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The Do-Over: 5 Historic NYC Buildings Transformed For A New Use

New York City is home to some of the most flashy, attention-grabbing new buildings in the world. But there is also major capital being thrown at older buildings to reshape them into fresh, new offerings for buyers and renters.

Bisnow took a look at some of the ways New York's historic buildings are being re-created for the modern market.

Terminal Stores

Terminal Stores

Then: Warehouse 
Now: Office/Retail/Restaurants

Built in the 19th century to service the rail lines on the Chelsea waterfront, Terminal Stores, between 11th and 12th avenues and West 27th and West 28th streets, is now set to sell to L&L Holding and Normandy Real Estate Partners for a lofty $900M.

Created as a seven-warehouse complex, it was said to be one of the few of its kind in the city that had access to road, rail and water, according to the website of the current owner, Waterfront New York. 

Spanning the entire block, it now has 1.3M rentable SF and is home to office tenants like Uber and L’Oréal USA and eateries like Avocaderia and Porchlight.

Waterfront New York paid $12M for the building in 1983. In 2014, GreenOak Real Estate Advisors bought a 49% stake in the property that pegged its value at $300M, according to the Wall Street Journal. Together the companies spent around $50M doing a major makeover on the space.

Under new ownership, it is now entering its next phase of development. There is 500K SF in the building used for storage, and it is expected that L&L — which has already run major makeovers on buildings like 195 Broadway, 200 Fifth Ave. and 390 Madison Ave. — will turn that space into more offices.

Brooklyn Navy Yard

Aerial view of the Brooklyn Navy Yard

Then: Shipyard
Now: Office/Manufacturing/Retail/Restaurants

A shipbuilding site for 165 years, the Brooklyn Navy Yard is in the midst of a $1B redevelopment, its biggest expansion since World War II. The city bought the site in the late 1960s, and the nonprofit Brooklyn Navy Yard Redevelopment Corp. is overseeing its rehabilitation.

Over the last five years, a major focus has been renovating the buildings, and 1M SF and more than 10,000 jobs are expected to be added by 2020.

The Dry Dock at Brooklyn Navy Yard in 1905

Steiner NYC’s television and film production complex is there — the largest of its kind outside of Hollywood — and is now being expanded by 179K SF. Building 77, once a naval storage warehouse, has been given a $180M makeover and transformed into a 16-story, 1M SF building for light manufacturing, with food tenants and retail space. That building opened last year, and is anchored by iconic New York bakery Russ & Daughters.

A rendering of Dock 72, an office development from Boston Properties and Rudin Management in the Brooklyn Navy Yard

Now, the next major development at the Yard is Dock 72, a new 675K SF building developed by Rudin Properties and Boston Properties and anchored by WeWork.

It will feature a 13K SF food hall, four rooftop gardens and an outdoor basketball court, and is slated to open this fall. In January, BNYDC announced that it planned on developing around 25 acres that it controls on Kent Avenue in a $2.5B next phase of redevelopment.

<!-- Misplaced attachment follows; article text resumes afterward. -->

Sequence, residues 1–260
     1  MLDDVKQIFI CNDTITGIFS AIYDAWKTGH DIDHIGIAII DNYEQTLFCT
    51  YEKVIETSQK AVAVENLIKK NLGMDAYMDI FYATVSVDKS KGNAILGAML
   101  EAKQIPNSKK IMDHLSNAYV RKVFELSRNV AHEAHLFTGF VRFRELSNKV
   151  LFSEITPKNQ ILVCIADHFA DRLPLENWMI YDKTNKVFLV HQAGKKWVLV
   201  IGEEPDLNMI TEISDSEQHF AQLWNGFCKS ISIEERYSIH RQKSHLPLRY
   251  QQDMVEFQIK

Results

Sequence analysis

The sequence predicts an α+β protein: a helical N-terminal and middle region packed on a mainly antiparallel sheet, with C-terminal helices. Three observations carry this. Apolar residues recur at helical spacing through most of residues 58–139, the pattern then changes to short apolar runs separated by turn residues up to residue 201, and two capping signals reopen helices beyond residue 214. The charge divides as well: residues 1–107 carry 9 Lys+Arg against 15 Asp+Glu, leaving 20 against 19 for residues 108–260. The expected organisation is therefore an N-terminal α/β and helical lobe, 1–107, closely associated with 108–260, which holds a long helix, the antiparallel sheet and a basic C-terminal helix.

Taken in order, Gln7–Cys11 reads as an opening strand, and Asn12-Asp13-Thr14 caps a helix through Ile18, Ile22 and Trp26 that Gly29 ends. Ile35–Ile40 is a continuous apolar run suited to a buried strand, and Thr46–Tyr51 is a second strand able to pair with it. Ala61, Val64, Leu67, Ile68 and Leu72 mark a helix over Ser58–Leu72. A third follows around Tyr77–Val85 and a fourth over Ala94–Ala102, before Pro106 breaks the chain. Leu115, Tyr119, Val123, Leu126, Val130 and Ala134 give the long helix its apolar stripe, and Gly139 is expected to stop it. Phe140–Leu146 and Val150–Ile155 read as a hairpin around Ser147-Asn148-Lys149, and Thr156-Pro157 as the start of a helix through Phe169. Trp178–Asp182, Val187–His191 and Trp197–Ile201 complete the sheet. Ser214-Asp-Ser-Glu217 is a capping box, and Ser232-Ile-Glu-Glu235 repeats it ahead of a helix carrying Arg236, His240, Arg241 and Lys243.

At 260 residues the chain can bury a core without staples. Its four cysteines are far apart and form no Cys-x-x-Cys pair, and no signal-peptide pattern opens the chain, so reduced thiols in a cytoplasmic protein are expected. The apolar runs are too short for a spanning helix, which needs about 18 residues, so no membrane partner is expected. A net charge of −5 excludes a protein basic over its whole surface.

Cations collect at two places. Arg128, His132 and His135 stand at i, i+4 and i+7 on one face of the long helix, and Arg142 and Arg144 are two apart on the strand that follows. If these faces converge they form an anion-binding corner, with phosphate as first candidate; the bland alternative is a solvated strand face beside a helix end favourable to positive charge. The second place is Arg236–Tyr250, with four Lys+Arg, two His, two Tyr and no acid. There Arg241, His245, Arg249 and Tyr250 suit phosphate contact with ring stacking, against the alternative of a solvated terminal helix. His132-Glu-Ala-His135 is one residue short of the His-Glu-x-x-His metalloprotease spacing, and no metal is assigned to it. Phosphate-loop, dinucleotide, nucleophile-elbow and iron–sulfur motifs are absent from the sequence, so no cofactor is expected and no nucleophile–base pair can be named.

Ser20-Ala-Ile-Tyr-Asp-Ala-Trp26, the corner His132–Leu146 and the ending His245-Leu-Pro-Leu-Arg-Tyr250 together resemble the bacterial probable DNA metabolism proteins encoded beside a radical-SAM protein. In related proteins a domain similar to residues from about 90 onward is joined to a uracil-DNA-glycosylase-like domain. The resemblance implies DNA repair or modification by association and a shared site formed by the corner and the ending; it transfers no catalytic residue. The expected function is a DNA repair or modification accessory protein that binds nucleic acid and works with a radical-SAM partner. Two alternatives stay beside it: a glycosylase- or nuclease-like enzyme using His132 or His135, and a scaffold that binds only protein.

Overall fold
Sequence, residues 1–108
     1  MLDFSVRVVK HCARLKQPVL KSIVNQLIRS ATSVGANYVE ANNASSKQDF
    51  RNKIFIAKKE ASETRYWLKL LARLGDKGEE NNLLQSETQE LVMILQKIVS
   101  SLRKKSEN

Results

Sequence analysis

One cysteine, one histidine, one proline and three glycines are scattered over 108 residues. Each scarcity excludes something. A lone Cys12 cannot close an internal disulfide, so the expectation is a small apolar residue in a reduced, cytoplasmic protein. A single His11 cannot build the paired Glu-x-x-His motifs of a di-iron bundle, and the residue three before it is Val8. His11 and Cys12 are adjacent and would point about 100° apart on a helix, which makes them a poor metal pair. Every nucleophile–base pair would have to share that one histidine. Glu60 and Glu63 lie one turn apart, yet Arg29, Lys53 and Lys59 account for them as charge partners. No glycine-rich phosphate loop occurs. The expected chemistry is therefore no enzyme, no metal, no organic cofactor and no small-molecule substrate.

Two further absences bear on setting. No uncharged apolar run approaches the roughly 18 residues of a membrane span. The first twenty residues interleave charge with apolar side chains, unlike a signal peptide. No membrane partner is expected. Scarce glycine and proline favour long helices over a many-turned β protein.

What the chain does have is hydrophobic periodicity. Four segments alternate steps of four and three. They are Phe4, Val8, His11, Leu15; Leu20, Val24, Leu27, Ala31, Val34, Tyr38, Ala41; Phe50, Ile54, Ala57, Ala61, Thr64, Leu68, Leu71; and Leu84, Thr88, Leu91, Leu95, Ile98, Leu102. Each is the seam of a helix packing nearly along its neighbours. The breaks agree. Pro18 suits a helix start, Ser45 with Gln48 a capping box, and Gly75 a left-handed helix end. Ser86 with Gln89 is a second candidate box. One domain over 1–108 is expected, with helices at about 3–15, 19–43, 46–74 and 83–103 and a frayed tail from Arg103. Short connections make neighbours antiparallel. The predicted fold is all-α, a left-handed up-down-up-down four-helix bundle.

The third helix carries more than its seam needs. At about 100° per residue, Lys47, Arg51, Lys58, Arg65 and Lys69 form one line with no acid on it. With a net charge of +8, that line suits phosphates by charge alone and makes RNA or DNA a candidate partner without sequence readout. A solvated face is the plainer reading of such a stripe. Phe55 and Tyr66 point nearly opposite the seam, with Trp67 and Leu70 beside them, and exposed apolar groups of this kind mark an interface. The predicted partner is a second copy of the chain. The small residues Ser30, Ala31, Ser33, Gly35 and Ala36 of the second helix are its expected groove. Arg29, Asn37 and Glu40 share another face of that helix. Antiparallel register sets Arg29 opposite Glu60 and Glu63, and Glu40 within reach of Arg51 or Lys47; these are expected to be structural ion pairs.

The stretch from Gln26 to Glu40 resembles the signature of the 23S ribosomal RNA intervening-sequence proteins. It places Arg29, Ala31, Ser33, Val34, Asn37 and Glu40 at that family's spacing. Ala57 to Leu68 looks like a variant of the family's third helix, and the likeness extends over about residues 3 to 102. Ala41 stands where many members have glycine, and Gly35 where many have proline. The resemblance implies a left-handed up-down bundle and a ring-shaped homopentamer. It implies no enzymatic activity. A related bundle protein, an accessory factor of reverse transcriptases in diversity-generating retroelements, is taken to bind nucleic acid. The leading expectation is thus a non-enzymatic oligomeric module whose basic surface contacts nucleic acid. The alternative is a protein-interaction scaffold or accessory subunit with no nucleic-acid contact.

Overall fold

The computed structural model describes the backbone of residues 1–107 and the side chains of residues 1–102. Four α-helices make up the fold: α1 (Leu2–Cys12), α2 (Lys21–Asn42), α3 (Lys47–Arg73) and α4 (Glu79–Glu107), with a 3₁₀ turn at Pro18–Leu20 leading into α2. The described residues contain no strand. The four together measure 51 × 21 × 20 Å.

The Woolworth

The Woolworth Building

Then: Woolworth headquarters
Now: Luxury condominiums

Ken Horn’s Alchemy Properties is turning the Cass Gilbert-designed Woolworth Building — a fixture on the Lower Manhattan skyline — into 33 high-end condos.

Built in 1913 for Frank Winfield Woolworth, the founder of F.W. Woolworth Co., the 792-foot neo-Gothic building was the tallest building in the world until 1930. Horn paid $68M to Steve Wikoff and Ruby Schron for the upper part of the building in 2012.

Last year, the building grabbed headlines when a penthouse there, known as “the pinnacle,” hit the market for an eye-popping $110M.

No home has ever sold for such a price downtown, and some residential brokers have expressed skepticism it will fetch that figure.

“This could never be built again,” Horn said of the building in an interview with the Wall Street Journal last year. “Well it could, but it would cost an obscene amount of money since no one builds terra cotta buildings anymore.”


Dannenhoffer Opalescent Glassworks factory has been converted into a rental building

Then: Glass factory
Now: Rental apartments

Back in 1888, German immigrant John Dannenhoffer founded this colored glass factory in Bushwick, known as Dannenhoffer Opalescent Glassworks.

The building was used for various industrial uses throughout the 20th century, and has now been turned into a 63-unit rental building at 336 Himrod St.

ASH NYC joined with the site's owner, Martin Lomazow, to redevelop the building in 2015, and apartments are asking an average price of $3K per unit, according to StreetEasy. Leasing started in June, and the 77K SF project features a community workspace, a fitness room and indoor bike parking.

100 Barclay St.

The Exterior of 100 Barclay

Then: New York Telephone Co. offices
Now: Condos

Ben Shaoul’s Magnum Real Estate Group and CIM Group are joining together to turn 100 Barclay, a 33-story, 1927 Art Deco office building, into luxury condos.

Previously the headquarters of the New York Telephone Co., the brick and limestone building was designed by famed architect Ralph Walker. It was designated a New York City Landmark in 1999 and added to the National Register of Historic Places in 2009.

The lobby inside 100 Barclay

Prices in the 157-unit building start at $3.3M, and the penthouse is on the market for $59M. It reportedly has a living room that is longer than an NBA basketball court. The amenities include a heated lap pool and four outdoor terraces.